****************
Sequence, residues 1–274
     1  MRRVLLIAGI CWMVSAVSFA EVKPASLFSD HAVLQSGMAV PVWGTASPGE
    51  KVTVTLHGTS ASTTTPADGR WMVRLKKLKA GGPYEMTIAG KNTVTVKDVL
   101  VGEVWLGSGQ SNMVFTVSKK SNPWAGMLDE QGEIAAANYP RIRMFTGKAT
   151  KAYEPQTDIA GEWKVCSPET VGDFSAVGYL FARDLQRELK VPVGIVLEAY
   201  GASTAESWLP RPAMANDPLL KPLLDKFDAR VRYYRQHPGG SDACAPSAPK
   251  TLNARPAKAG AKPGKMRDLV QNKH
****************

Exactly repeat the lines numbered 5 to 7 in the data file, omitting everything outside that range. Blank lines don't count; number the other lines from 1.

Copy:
   151  KAYEPQTDIA GEWKVCSPET VGDFSAVGYL FARDLQRELK VPVGIVLEAY
   201  GASTAESWLP RPAMANDPLL KPLLDKFDAR VRYYRQHPGG SDACAPSAPK
   251  TLNARPAKAG AKPGKMRDLV QNKH